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  • Writer's pictureDr. Anthony Lilles

St. John of Avila - Master of Contemplation and Renewal of the Church

During World Youth Day, Pope Benedict announced his intention to declare St. John of Avila a Doctor of the Church. This means that the Pope believes his teaching contributes to our universal patrimony in an important way. I must admit, up to now, I mainly know him as a theological consultant for St. Teresa of Avila, also a Doctor of the Church.


A statue of St. Teresa of Avila - just outside the walls of Avila When she wrote her autobiography, she submitted the work to him to find out whether her experiences were authentic and whether her doctrine was true. Although he found her experiences to be authentic, he was concerned that not everything she described applies to all Christians. He also affirmed that her teaching on prayer was true, especially what she had to say about the prayer of rapture. Like St. John of the Cross, he was wary of extraordinary mystical phenomena - like visions and locutions. As great a mystic as he was, he insisted that the ordinary and surest way to intimacy with the Lord is by love imbued faith.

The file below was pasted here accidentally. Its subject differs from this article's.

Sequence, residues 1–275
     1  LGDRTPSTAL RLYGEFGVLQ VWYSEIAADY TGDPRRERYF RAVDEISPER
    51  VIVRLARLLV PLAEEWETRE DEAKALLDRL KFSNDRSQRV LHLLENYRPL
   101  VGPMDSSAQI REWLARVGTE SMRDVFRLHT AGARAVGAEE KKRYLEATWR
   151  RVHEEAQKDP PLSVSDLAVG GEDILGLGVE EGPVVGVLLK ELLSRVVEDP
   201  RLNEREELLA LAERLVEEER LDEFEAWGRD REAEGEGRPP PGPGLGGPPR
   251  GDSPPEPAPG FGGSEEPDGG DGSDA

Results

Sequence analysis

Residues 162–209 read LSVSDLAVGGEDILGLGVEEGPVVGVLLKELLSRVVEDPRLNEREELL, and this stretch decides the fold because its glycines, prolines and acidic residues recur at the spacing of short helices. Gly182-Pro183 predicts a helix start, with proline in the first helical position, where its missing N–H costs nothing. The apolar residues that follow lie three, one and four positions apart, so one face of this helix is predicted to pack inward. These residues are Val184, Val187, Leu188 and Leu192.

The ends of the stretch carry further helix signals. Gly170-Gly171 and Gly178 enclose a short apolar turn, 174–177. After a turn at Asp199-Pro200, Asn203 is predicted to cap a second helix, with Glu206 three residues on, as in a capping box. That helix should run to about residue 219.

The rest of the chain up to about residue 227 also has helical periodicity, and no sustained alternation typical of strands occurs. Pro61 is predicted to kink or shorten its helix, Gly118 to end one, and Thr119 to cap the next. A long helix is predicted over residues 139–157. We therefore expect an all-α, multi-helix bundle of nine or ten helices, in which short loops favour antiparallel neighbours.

Walls of Avila St. Teresa of Avila had picked a reliable source to review her life experience and understanding of prayer. He had already guided many of the early Spanish Jesuits as they attempted to bring the practice of mental prayer to bear on the mission of the Church. St. Ignatius invited him to join the society, but his health was frail. Instead, he supported the mission in Spain confident that the Jesuits would lead souls to Christ. His own preaching had moved more than one saint to embrace of life of conversion and deep prayer - including St. John of God whose conversion was so dramatic, everyone thought he was crazy. Like St. Teresa, St. John of Avila too had faced an Inquisition which was not favorable to the practice of contemplation, which would have preferred the practice of the faith to be limited to liturgy and good morals. He was able to affirm for her and for those Church authorities questioning her the primacy of contemplation and grace in the discipline of life Christ calls us to embrace. What is wonderful about these Spanish mystics of the 16th Century - whether St. Ignatius and his St. Francis Borgia or St. John of the Cross and St. Teresa of Avila or St. John of Avila and so many others - we find the integration of deep prayer, ascetical vigor, solid doctrine and a love for the whole Church. Devotion to liturgical prayer, an inspiring moral life, a hunger for deep silence, great spiritual friendships, concern for the poor and love of the poverty of Christ -- one finds in teach of these saints an integration of these elements. They realized the importance and primacy of contemplation but did not neglect the mission of the Church. Nor did they ever fail to love those the Lord entrusted to them. They realized the primacy of grace in the spiritual life but did not fail to make every effort to cooperate with the Holy Spirit by their strict discipline of life. In the case of St. John of Avila- we have a parish priest dedicated to the art of spiritual direction deeply concerned about the failures of his brother priests and bishops at a critical moment in Spanish and European history. He met this concern by following Christ into all kinds of apostolates with every fiber of his existence deeply convinced that the only path to renew the Church was through promoting the practice of mental prayer and the discipline of the Christian life as widely as possible, starting with his brothers in the clergy and going out to every level of society. His efforts bore great fruit not only in Spain but throughout Europe. He had an important hand to play in the institution of the modern seminary as a place of strong community life, mental prayer and intense study of the faith. In other words, he helped the fathers of the Council of Trent realize that building seminaries that were genuine centers of Christian spiritual formation was the key to the reforms most needed in the life of the Church. It is fitting that in the midst of the challenges the Church faces today, Pope Benedict should direct our attention to this particular reformer, a reformer who calls us to depths of prayer.

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